Split data set into
 Learning set
 Validation set
 Test set
 use validation set for tuning control parameters
 use test set only for final evaluation
Let $\gamma$ be the control parameter
 for every possible value of $\gamma$
 build a classification model $C$ using the learning set
 use the validation set to estimate the expected error rate of $C$
 select the optimal value of the control parameter
 that is the value of $\gamma$ s.t. the error rate is minimal
Suppose now we're fitting a model with highorder polynomial
 $h_{\theta}(x) = \theta_0 + \theta_1 x + ... + \theta_4 x^4$
 to prevent overfitting we use regularization
 $J(\theta) = \cfrac{1}{m} \sum \text{cost}(h_{\theta}(x^{(i)}), y^{(i)}) + \cfrac{\lambda}{2m} \sum_{j=1}^{m} \theta_j^2$
 (a) If $\lambda$ if large (say $\lambda = 10000$), all $\theta$ are penalized and $\theta_1 \approx \theta_2 \approx ... \approx 0$, $h_{\theta}(x) \approx \theta_0$
 (b) if $\lambda$ is intermediate, we fit well
 (c) if $\lambda$ is small (close to 0) we fit too well, i.e. we overfit
How can we chose good $\lambda$? Let's define
 $J_{\text{train}}(\theta) = \cfrac{1}{m} \sum \text{cost}(h_{\theta}(x^{(i)}), y^{(i)})$ (same as $J(\theta)$, but without regularization)
 $J_{\text{cv}}(\theta)$ and $J_{\text{test}}(\theta)$  same, but on crossvalidation and test datasets respectively
Now we
 Choose a range of possible values for $\lambda$ (say 0, 0.01, 0.02, 0.04, ..., 10.24)  that gives us 12 models to checks
 For each $\lambda^{(i)}$,
 calculate $\theta^{(i)}$,
 calculate $J_{\text{cv}}(\theta^{(i)})$,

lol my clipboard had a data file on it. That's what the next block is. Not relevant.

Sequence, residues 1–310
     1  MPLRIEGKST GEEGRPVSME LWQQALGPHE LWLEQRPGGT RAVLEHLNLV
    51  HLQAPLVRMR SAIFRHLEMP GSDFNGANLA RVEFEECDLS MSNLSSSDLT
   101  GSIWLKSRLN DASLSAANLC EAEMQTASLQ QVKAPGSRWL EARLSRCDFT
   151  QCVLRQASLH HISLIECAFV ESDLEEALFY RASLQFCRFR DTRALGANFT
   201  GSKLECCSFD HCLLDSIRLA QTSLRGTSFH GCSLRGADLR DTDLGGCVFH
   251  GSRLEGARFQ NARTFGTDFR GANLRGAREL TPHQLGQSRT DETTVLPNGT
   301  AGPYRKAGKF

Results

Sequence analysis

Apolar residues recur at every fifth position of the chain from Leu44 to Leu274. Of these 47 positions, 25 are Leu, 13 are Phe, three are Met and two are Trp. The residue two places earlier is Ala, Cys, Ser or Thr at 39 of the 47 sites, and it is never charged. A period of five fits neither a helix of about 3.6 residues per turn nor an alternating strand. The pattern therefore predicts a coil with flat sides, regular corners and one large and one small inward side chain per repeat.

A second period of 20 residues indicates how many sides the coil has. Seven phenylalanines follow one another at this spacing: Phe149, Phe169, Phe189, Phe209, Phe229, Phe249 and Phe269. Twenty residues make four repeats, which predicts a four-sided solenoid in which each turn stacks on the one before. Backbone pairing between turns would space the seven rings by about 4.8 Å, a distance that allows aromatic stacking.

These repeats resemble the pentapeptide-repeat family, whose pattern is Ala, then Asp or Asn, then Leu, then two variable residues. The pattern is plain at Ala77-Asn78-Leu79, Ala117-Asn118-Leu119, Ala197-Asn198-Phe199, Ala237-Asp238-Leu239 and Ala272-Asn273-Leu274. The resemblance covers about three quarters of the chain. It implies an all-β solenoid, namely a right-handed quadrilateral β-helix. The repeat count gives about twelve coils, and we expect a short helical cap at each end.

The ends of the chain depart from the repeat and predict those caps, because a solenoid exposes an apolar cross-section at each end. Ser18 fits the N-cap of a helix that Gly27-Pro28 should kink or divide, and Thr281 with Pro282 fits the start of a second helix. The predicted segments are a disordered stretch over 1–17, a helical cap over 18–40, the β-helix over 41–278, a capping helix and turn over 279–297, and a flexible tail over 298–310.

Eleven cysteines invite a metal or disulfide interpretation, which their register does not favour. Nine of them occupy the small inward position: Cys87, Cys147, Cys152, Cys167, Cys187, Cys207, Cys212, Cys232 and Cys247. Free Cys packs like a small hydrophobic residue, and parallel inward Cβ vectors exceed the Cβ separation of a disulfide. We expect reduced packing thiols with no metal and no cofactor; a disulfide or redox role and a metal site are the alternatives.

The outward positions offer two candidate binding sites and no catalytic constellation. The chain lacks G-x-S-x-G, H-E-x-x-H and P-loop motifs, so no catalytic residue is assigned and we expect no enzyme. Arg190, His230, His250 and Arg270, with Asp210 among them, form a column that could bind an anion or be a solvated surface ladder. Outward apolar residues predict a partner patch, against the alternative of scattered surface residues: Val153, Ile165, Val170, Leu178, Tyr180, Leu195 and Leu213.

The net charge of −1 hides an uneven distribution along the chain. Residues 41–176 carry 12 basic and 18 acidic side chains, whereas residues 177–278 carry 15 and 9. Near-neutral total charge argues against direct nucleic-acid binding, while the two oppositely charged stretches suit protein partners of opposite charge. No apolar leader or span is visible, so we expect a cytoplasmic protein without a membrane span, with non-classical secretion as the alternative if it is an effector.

and take $\lambda^{(i)}$ with lowest $J_{\text{cv}}(\theta^{(i)})$
After that we report the test error $J_{\text{test}}(\theta^{(i)})$
KFold CrossValidation
$K$Fold CrossValidation
If we want to reduce variability in the data
 we can perform multiple rounds of crossvalidation using different partitions
 and then average the results over all the rounds
We're given a dataset $S$ sampled from the population $D$
 we partition $S$ into $K$ equal disjoint subsets $(T_1, ..., T_K)$ (typically 510 subsets)
 then perform $K$ steps, and at step $k$ do:
 use $R_k = S  T_k$ as the training set
 build classifier $C_k$ using $R_k$
 use $T_k$ as the test test, compute error $\delta_k = \text{error}(C_k, T_k)$
 let $\delta^* = \cfrac{1}{K} \sum_{k = 1}^K \delta_k$
 this is the expected error rate
 note that there's only two subsets at each iteration
 and they are used to estimate the true error
Tuning Learning Parameter
Choosing best value for parameter $\gamma$ with $K$Fold CrossValidation
 you have to put some data aside before training your classifier
 i.e. split your data into learning set and test set
 for every possible value of $\gamma$
 use $K$fold CrossValidation to estimate the expected error rate
 use the learning set as the set $S$ (and do $K$fold CrossValidation only on it)
 select the optimal value of $\gamma$
 and then use the test set for the final evaluation
Stratified KFold CrossValidation
What if we want to preserve the class distribution over $K$ runs?
 then for each $T_i$ pick up the same proportion of labels as in the original dataset

 it's very important if the test distribution is not uniform
See Also
Sources